Thursday, April 30, 2009

Which is Better: Compost or Disposal?

This is the first in a series of "Which is Better" articles. Many times we want to do the right thing, but honestly don't know which is the better choice. Feel free to suggest your own topics and I'll go hunt down the answers!

While I think composting food scraps is a great idea, I confess I have never done it. When our garbage company offered to compost it for us, I was happy to hop on board, but I wondered if it really made a difference. Wasn't I already grinding up most of that food in the garbage disposal? So, which is better - sending the food down the disposal or letting the garbage company pick it up with your yard waste?

The hands-down winner on this question is composting. Why? Well, if you think about it, garbage disposals use electricity and water to send the food down the disposal and through the sewer to the treatment plant where it will eventually be disposed of in a nearby large body of water. With composting, there are resources involved - primarily, the gas in the trucks that do the pickup, but then the food scraps are turned into a beneficial use. In the Seattle area, it all goes to Cedar Grove which then turns it into a variety of compost products that are sold to gardeners. Basically, less resources go into disposing of the food scraps and it gets put to a good use rather than just dumped in the ocean.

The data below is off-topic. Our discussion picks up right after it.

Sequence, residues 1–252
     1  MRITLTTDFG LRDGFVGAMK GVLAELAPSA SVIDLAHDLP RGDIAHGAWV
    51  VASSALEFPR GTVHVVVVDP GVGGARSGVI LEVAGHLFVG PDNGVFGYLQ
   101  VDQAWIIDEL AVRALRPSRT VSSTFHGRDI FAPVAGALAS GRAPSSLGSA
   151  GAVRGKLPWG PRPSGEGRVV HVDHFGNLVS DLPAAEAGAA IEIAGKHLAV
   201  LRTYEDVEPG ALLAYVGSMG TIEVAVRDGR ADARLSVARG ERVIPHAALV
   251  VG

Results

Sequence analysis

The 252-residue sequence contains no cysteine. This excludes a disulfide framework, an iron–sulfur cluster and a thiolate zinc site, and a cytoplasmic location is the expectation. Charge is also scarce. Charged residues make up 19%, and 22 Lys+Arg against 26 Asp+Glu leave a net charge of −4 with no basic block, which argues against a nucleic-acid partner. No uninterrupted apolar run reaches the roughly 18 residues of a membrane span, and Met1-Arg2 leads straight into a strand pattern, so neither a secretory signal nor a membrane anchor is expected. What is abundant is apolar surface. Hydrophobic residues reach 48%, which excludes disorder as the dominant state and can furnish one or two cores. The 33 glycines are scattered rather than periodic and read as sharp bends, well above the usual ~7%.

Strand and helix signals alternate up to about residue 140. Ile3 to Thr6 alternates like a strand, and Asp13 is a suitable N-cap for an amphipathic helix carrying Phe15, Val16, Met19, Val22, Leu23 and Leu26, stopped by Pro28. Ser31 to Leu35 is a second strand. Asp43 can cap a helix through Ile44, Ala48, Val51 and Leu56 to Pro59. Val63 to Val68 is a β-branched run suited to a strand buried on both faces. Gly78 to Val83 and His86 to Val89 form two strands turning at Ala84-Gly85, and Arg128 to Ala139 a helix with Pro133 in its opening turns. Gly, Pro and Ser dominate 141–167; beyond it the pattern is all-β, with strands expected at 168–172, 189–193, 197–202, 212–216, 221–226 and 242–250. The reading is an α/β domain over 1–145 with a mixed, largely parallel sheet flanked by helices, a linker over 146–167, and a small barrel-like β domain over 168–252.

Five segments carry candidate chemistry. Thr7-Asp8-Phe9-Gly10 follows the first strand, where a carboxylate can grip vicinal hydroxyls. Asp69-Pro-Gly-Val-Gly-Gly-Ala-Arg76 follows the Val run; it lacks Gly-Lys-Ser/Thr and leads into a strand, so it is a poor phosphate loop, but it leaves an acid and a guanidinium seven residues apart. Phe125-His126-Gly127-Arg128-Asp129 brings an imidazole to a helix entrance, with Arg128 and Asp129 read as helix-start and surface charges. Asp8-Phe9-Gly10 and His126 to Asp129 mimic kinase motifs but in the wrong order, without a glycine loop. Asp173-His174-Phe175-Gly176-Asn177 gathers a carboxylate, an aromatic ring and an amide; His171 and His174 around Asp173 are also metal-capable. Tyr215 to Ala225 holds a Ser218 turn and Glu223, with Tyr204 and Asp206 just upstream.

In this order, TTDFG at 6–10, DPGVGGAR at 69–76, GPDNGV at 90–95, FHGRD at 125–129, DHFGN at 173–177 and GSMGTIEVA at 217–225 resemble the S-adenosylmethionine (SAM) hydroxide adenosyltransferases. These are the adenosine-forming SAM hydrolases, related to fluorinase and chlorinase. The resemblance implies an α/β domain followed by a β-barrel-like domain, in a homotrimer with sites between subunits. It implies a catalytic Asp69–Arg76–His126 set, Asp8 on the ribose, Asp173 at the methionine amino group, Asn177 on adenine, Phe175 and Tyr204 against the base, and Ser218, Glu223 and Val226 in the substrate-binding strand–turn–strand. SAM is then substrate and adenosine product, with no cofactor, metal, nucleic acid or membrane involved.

That leads us to two common questions...

1) Doesn't it smell? Honestly, my answer is no, it doesn't. Find a good container and take it out daily and you're fine. We just use leftover grocery bags (from those trips when I forgot to bring my reusable bags) in our regular under-the-sink garbage bins, but there are other options available.

2) What can I compost? Check with your local company, but in our area, all food scraps are acceptable - the scrapings off the dinner plate, leftover kids lunches, you name it. Soiled paper products (pizza box, used paper towel, etc.) can go in as well as long as they aren't plastic-coated (typically, it would be shiny - e.g. milk carton, juice box, frozen food container). The food scraps and acceptable soiled paper items then all get tossed into our yard waste bin along with grass clippings and weeds.

For me, it is a fairly easy way to reduce the waste generated by our household. It's strange to think that eight weeks after leaving my house, my garbage is being turned into compost. Maybe I'll get some of it back when I pick up some compost for my garden!

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